HPC is a multidisciplinary subject that encompasses both computer science and natural sciences.


Back then, his university advisor cautioned him that supercomputing was not a conventional career path for most students, and most would be better off specialising in either one.


But he saw HPC’s massive potential to advance science and technology in Thailand, with supercomputers having the ability to process complex tasks at a scale and speed that exceeds traditional computers.


His university specialisation came in useful after he graduated when the Thailand government started to increase investments in computational infrastructure and artificial intelligence (AI).


In 2019, Dr Kunaseth was invited to be part of the founding team at the NSTDA Supercomputer Centre.


During his course of study in the US, he noticed the apparent discrepancy between the US and Thailand when it came to government policies, infrastructure and funding that supported innovations.


Seeking to be part of the team driving the innovation efforts back home, he turned down an opportunity to work at one of the US’s national labs and returned to work in NSTDA.

Staff advocate turned HR leader


“There are many more things Thailand can do to [promote innovation efforts], including policies to take care of its staff,” Dr Kunaseth says.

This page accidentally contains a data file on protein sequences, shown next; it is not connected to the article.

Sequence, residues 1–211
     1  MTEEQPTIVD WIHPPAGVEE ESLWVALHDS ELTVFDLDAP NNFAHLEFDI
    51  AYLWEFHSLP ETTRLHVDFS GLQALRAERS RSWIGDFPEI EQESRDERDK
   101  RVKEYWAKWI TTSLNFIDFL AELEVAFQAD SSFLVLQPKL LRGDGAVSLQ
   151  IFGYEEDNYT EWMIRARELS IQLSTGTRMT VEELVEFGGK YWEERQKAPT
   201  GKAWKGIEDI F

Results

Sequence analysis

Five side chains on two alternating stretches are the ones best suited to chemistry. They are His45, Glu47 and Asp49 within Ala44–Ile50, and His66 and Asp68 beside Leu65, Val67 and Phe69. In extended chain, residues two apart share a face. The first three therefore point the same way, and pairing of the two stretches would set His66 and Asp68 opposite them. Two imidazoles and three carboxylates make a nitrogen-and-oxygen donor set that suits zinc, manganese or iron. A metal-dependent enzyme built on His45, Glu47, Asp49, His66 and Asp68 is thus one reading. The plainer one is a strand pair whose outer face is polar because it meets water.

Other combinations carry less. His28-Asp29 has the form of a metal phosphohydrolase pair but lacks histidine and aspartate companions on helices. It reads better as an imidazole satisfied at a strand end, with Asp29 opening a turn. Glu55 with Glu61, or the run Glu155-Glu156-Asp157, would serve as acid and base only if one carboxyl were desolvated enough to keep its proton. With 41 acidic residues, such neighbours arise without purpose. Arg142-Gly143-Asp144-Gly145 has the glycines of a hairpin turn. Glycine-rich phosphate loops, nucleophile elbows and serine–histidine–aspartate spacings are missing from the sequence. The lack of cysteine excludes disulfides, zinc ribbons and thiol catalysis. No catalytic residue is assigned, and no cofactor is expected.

His entry into HR field came about when an opportunity presented itself during a leadership change. During his time at NSTDA, he volunteered as a staff representative working with the HR team and negotiating for staff interests.

Prior to being the CHRO at NSTDA, Dr Kunaseth volunteered as a staff representative working with the HR team and negotiating for staff interests. Image: Dr Kunaseth. 

“I decided to join and bring along my experience as a scientist to really make the system better,” he says.


Dr Kunaseth shares two key projects he is involved in that aim to both improve the meaning of researchers’ work and bridge the lab-to-market gap.  They aim to provide financial incentives for researchers to embark on industry projects.